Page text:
Journal of Forest Economics > Vol 20 > Issue 4

Benefits and costs of impeding free trade: Revisiting British Columbia's restrictions on log exports

G. Cornelis van Kooten, , kooten@uvic.ca
 
Suggested Citation
G. Cornelis van Kooten (2014), "Benefits and costs of impeding free trade: Revisiting British Columbia's restrictions on log exports", Journal of Forest Economics: Vol. 20: No. 4, pp 333-347. http://dx.doi.org/10.1016/j.jfe.2014.09.004

Published: 0/12/2014
© 0 2014 G. Cornelis van Kooten
 
Subjects
 
Keywords
JEL Codes:F13F14Q23Q27Q28
International tradeLog exportsForest industryQuota rents
 

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In this article:
Introduction
Background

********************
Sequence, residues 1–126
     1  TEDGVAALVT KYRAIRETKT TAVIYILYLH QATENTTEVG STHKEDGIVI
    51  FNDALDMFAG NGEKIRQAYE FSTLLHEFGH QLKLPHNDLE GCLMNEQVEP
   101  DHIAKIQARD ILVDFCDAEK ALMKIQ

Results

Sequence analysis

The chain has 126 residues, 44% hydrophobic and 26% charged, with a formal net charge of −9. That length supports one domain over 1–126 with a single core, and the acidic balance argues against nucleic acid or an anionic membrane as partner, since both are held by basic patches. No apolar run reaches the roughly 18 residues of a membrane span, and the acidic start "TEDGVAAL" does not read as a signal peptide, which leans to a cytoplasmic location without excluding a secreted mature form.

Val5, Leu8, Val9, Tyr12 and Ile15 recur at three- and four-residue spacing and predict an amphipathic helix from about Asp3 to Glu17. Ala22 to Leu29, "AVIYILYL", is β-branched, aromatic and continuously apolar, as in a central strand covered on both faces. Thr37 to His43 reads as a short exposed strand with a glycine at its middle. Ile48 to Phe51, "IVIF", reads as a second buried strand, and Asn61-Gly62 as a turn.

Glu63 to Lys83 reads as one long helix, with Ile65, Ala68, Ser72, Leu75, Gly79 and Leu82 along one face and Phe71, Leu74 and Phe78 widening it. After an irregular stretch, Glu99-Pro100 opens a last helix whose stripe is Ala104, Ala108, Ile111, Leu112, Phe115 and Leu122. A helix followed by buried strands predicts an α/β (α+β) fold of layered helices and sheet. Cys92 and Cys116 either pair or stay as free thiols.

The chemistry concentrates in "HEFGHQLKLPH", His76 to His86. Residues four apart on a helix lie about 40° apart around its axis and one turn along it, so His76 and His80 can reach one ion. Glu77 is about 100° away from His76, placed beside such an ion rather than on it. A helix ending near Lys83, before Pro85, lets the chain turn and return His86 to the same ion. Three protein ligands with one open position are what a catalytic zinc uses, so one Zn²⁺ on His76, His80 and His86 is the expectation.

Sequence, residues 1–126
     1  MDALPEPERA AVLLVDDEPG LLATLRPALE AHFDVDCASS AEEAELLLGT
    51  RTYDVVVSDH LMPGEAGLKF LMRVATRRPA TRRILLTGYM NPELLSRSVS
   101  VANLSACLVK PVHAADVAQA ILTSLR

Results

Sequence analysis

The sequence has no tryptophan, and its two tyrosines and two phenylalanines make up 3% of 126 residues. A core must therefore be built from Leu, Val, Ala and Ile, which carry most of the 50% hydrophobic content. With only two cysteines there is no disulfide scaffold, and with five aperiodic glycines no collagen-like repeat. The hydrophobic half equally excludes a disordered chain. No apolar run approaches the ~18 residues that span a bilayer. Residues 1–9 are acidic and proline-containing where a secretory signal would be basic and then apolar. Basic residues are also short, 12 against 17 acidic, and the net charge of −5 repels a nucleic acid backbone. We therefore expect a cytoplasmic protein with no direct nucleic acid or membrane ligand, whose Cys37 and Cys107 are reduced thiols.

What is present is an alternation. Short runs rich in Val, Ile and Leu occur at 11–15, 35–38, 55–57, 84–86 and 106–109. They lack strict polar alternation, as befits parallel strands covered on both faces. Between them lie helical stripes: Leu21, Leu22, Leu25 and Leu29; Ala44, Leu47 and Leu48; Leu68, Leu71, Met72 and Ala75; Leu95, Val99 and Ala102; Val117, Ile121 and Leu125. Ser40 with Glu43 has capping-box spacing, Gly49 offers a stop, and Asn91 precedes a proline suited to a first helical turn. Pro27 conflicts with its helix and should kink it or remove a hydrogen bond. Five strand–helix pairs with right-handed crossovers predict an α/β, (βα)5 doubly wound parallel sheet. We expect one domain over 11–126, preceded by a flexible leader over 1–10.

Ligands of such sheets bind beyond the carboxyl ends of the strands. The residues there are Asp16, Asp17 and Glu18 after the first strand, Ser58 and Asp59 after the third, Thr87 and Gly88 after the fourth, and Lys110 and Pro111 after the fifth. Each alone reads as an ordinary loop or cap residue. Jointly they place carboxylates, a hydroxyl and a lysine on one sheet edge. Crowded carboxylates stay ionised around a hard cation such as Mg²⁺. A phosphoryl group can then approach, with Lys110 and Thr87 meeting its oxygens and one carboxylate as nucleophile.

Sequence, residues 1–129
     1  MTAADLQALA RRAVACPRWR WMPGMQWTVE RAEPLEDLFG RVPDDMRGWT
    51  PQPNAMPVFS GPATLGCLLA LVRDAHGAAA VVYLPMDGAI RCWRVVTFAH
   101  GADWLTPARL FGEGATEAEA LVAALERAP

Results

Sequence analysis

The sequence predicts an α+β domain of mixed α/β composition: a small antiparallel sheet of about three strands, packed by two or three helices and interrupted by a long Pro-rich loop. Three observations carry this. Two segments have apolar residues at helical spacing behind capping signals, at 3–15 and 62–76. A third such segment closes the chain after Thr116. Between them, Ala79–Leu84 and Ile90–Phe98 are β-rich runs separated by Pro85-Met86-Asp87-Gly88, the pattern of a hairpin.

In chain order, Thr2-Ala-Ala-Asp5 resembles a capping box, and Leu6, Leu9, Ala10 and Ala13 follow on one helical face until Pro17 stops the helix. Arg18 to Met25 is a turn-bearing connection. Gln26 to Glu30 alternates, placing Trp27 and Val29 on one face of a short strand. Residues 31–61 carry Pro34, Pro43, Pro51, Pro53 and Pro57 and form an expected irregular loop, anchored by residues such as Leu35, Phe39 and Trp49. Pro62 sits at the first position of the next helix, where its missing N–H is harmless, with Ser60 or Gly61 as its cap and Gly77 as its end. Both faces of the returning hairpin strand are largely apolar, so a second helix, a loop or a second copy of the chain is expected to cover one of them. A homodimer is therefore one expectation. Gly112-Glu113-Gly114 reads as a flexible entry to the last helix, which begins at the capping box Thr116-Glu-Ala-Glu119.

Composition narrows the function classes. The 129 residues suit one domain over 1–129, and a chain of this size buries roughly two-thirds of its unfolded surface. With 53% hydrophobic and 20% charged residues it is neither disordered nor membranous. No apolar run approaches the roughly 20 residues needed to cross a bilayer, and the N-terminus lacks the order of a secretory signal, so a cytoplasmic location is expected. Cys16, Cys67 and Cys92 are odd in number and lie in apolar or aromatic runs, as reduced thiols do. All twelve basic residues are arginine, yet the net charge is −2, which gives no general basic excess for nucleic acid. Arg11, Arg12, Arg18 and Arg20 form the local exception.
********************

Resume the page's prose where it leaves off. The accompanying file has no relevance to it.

Welfare economics of log export restrictions
Implementing the trade model
Results
Concluding discussion

Abstract

The government of British Columbia (BC) imposes restrictions on the export of logs from public and private forestlands, primarily to promote local processing and associated employment benefits. Most economists wholeheartedly oppose BC's export restrictions, arguing that BC's citizens are worse off as a result of the government's measures. In this paper, it is shown that, while free trade in logs might well maximise global wellbeing, it might not necessarily result in the greatest benefit to BC. Indeed, both economic theory and a follow-up numerical analysis indicate that some restrictions on the export of logs can lead to higher welfare for BC than free trade. Thus, log export restrictions could be economically efficient from a local perspective, but only if the transaction costs of obtaining necessary permits are not excessive.

DOI:10.1016/j.jfe.2014.09.004